Pressure Application - One of the most common issues beginners run into is HTV not sticking; often, these users use handheld-style presses. Traditional hinge (clamshell) style presses feature adjustable pressure knobs that allow you to adjust your pressure prior to pressing your garment. Different materials can also specify different application pressures. Being able to adjust pressure, test it, and make sure it is applied consistently throughout the entire pressing duration can be helpful.
Digital Temperature Controls allow you to be much more accurate than dial controls to ensure you are pressing at the right temperature for your materials. This feature is quite common on most heat presses now, and comes as a standard feature on all of our heat presses.
Auto-Open heat presses are typically clam-shell in style but usually feature a timer and hydraulic spring opening that automatically releases and opens after the appropriate pressing time. This is a convenient feature so that you do not need to be watching the pressing time yourself or applying pressure. This will allow you to multitask or prepare your next garment or transfer. It’s a convenient, nice-to-have option, especially if you will be doing multiple back-to-back transfers or don’t want to have to track time separately.
Other Features, Materials Quality & Durability
Quality Heating Elements - A high-quality heating element with a large amount of coiling of the wires inside helps avoid cool spots, increases reheating speed and heat retention as the press cools during a press, can provide a more consistent temperature and is more reliable. All of our heat presses feature quality heating elements.
This can also help with consistent transfers, as they will have constant and even temperatures across the heating surface. Low-quality and cheaper heating elements can sometimes result in inconsistent heating across this plate, resulting in cool spots that can be problematic for
Build Material & Wear - Consider the materials a press is made out of. Most heat presses are made out of steel or aluminum, but heat presses made with plastic bodies may not hold up well. Additionally we recommend looking for hydraulics rather than springs for the component that controls the opening and lowering of the top plate, as springs can result in another wear and failure point.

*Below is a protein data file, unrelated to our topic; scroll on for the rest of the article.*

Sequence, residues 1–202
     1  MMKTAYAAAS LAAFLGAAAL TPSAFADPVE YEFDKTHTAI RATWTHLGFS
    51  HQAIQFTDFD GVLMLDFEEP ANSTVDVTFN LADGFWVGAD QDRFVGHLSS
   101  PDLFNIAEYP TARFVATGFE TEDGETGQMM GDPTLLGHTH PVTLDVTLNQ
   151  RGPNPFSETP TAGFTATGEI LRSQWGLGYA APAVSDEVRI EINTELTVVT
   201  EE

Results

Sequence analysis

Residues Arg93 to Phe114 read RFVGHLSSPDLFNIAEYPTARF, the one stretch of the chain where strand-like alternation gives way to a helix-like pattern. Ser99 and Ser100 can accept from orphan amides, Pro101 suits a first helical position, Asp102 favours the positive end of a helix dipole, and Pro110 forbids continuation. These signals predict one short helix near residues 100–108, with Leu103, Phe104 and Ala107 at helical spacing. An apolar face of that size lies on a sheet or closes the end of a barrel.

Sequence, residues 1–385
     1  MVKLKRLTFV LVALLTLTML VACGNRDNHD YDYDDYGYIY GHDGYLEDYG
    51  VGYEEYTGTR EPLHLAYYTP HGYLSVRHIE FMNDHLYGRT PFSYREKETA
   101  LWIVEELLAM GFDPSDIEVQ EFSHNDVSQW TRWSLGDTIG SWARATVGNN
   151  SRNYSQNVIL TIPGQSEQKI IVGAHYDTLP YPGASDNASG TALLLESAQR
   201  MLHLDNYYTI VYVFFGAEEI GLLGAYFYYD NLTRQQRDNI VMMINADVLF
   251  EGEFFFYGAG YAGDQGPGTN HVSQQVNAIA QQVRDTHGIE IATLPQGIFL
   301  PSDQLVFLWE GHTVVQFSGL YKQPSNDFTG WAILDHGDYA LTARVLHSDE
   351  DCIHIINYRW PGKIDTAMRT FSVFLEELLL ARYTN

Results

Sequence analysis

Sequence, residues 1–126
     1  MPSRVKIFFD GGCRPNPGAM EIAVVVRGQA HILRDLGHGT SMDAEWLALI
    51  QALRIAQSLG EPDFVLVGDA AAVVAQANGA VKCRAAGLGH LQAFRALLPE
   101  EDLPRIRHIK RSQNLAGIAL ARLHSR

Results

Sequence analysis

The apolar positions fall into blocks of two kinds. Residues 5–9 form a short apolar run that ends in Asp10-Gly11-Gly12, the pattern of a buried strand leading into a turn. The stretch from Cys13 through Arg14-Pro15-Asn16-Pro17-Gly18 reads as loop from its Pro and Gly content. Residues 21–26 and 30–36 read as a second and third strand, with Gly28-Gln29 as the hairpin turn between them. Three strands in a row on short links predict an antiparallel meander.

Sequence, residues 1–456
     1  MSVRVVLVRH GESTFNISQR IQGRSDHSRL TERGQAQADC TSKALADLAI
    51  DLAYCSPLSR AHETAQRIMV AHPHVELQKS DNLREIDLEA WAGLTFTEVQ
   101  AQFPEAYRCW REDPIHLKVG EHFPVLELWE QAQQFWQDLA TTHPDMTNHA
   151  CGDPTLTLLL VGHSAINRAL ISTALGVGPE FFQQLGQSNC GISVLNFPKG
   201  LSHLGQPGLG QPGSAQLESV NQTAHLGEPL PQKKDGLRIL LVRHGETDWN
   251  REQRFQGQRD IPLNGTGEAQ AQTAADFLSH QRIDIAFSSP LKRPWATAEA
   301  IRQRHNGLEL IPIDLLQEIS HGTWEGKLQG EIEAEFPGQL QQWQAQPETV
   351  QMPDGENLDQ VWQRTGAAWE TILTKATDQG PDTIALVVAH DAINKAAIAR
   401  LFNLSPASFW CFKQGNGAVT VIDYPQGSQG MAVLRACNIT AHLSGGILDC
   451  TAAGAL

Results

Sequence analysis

All WALAPresses are built with steel bodies and with slow opening hydraulics, along with most other presses we carry on our website.
Threadable Lower Platens - This feature is available on some presses that allows you to press on only one side of a shirt, by having additional room underneath the lower plate to thread the t-shirt around. This is important for situations where you do not want both sides of the garment being exposed to heat or during certain applications like with sublimation.
Frequently Asked Questions
What is a heat press?
A heat press machine applies evenly distributed heat and pressure to blanks or garments to apply for vinyl and transfers.
How do you use a heat press?
First, preheat your heat press to the temperature for the vinyl or material you are pressing, which you can find on the product pages of our website or on our HTV temp and time guide.
Next, arrange your shirt or garment on the heat press, and pre-press your shirt for a few seconds. Then apply and arrange the transfer on your garment, and press it for the appropriate time for your material, also noted on the product pages and temp time guide.
What is a heat press machine used for?
Heat presses are used to apply vinyl or a variety of different transfers.
What sizes of heat press machines are there?
Heat presses can vary significantly in size. Heat Transfer Warehouse offers 9"x12" to a 44" x 64" Twin Heat press.
What is the best heat press?
If you are a crafter or hobbyist, we recommend a basic heat press such as our 9"x12" Craft Press. If you run a shirt-making business, we recommend an auto open 16x20 heat press.
What supplies do I need for my heat press machine?
We would recommend Kraft Paper/Release Sheets and platen covers. All heat press accessories can be found here. You will also need transfer and/or vinyl.
Buying a heat press machine is a key purchase. As always, if you have questions please contact our customer service via chat or phone.